This is What Executives Really Want their Executive Assistant to Do
Last updated: March 6th, 2018
We researched over 100 random job postings for Executive Assistants. We then counted the number of times a verb (read: task) appeared in the job descriptions overall. According to over 100 online job descriptions for open Executive Assistant positions, here are the top tasks Executives expect an EA to perform.
Support (155 times)—this one is a given. Anyone seeking an executive assistant is in search of exceptional support capabilities.
Coordinate (106)—Schedules, travel arrangements, and meetings are just some of the many things administrative assistants and other support professionals are required to do as part of their daily functions.
Maintain (93)—an exceptional admin understands how their executives are used to having things. Admins may facilitate and streamline procedures, but those processes should happen in the background. Maintenance of a calm, consistent and unchanging office is key.
Prepare (87)—this more accurately means, “in advance”; note the prefix, “pre.” Although word “anticipate” frequented our job descriptions a total of 17 times, we think it’s safe to assume its interchangeability with the word prepare. This means filling in the gaps for information and presenting your executive with a complete picture in preparation of their next move.
Schedule (77)—possibly the biggest tactical and most malleable piece of being an administrative professional, schedule is critical to the success of those you support. Ensuring they are booked to be at only one place at a time, that they have enough time to get from one meeting to another, and that they have enough time in their day to eat lunch are just a few of the complexities that come with scheduling. After all, time is money.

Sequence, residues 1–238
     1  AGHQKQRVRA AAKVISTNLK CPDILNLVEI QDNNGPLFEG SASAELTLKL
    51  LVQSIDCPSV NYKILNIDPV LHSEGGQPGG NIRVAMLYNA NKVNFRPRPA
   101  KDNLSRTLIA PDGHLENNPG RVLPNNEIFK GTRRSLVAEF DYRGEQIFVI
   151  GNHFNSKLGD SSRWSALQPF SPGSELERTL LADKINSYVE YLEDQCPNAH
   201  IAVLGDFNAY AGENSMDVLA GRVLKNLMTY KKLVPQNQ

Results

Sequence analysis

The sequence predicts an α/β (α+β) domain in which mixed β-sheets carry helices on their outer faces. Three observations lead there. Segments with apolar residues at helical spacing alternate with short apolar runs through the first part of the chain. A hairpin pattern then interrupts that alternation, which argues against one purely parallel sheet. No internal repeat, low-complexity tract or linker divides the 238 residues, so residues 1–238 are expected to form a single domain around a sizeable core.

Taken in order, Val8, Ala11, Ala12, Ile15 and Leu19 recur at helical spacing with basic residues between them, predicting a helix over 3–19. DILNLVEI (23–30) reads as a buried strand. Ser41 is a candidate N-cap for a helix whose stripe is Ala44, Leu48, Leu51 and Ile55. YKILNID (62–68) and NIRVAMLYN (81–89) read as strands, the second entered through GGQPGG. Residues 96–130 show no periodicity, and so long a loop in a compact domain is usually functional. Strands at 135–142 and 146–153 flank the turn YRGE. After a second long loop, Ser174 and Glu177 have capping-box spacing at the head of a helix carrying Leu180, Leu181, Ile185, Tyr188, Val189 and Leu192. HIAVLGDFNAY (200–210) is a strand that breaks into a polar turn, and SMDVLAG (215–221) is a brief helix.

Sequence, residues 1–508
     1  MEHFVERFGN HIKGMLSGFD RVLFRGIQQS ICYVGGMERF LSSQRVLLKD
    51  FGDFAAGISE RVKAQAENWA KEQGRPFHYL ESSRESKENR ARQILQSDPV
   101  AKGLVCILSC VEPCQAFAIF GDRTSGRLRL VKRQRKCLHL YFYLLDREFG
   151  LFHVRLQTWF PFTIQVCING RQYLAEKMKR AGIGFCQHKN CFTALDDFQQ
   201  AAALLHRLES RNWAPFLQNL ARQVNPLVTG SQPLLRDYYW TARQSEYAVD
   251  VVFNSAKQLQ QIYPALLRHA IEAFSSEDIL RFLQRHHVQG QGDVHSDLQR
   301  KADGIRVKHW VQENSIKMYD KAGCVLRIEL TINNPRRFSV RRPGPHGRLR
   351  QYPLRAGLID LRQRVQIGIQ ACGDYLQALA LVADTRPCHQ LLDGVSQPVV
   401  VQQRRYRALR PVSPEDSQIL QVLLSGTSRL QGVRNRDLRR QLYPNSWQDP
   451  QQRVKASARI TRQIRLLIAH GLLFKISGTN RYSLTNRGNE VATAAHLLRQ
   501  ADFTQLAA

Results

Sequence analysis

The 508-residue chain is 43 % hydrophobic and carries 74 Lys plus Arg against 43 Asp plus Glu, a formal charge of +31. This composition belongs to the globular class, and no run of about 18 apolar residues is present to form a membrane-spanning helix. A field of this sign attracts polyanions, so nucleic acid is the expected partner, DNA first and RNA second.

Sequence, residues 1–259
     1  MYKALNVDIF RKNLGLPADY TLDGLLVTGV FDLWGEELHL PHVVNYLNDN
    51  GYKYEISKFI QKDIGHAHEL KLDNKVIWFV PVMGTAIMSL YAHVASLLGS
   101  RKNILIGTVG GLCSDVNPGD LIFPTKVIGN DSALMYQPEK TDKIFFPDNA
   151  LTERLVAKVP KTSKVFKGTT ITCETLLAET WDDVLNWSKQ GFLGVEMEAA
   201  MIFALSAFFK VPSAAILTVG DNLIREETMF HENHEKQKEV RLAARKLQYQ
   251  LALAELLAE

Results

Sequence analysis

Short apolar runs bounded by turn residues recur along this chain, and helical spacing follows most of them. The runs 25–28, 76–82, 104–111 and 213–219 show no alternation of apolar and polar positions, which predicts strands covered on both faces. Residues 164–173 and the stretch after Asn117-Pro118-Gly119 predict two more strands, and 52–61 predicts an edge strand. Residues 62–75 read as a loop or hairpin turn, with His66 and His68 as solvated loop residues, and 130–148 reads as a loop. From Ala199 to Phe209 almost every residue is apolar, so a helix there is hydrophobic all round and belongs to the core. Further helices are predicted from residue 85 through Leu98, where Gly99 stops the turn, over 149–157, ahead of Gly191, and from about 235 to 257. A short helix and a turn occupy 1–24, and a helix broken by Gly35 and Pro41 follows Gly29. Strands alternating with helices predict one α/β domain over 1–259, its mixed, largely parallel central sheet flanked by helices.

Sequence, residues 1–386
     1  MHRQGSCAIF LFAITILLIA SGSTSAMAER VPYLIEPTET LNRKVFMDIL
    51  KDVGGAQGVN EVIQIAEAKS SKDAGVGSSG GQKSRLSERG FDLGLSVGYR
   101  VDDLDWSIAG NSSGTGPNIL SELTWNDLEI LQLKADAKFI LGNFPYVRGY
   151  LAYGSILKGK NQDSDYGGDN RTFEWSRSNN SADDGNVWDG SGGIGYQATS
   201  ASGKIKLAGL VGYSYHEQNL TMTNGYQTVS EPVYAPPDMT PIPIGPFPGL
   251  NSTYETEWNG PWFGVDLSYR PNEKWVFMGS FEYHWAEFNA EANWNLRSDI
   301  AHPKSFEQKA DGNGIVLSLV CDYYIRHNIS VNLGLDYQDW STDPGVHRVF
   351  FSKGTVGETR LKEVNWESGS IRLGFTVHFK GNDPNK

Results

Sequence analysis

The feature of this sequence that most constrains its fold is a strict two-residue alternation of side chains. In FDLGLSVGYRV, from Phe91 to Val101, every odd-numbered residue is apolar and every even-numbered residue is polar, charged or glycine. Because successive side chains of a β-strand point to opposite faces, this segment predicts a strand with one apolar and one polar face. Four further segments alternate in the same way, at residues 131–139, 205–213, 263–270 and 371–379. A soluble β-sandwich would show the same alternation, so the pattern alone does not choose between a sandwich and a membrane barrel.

Manage (68)—if they could do it themselves, they would. Executives want to execute. They don’t want to be bothered with the details of how and why, they just want to do. That’s why the executive assistant/chief executive relationship is considered to be a valued partnership; the EA manages the back-end of operations while the executive is on the front lines.
Assist (38)—this word is synonymous with “help.” No task is too big or too small for the exceptional admin. A superstar admin understands that creating expense reports and going on coffee runs are two equally important tasks that enable the executive’s success.
Prioritize (33)—as an administrative assistant, your job is to cancel out the noise, remove the fluff, and only present what is truly important at any given moment. Know what needs to be presented now and what can wait until later. “Prioritize” also implies knowing when to approach the person or team you support with those important tasks.
Research (32)—How well can you uncover information? Research isn’t just uncovering what market initiatives [Competing Firm] is participating in, or what type of food [Potential Investor] prefers so that your exec can really impress. Research also applies to your ability to figure out the “how to” independently. How do you send a zip file? How do you remove a coffee stain from chiffon? You don’t need to know all of the answers, but you do need to understand how to get them.
Create (30)—the very definition of the word is, according to Google, “to bring (something) into existence,” or “to cause (something) to happen as a result of one’s own actions.” Creation is about execution and results. Moreover, it’s about independent thought and processes that effect a result. As an executive assistant, your job is much more than just phone, file, fax; as a partner to the executive you support, you are their sounding board and the executor of their ideas.
Thumbnail image attribution: By Carl T. Thorner [Public domain], via Wikimedia Commons, Five Congressional Secretaries in Overalls
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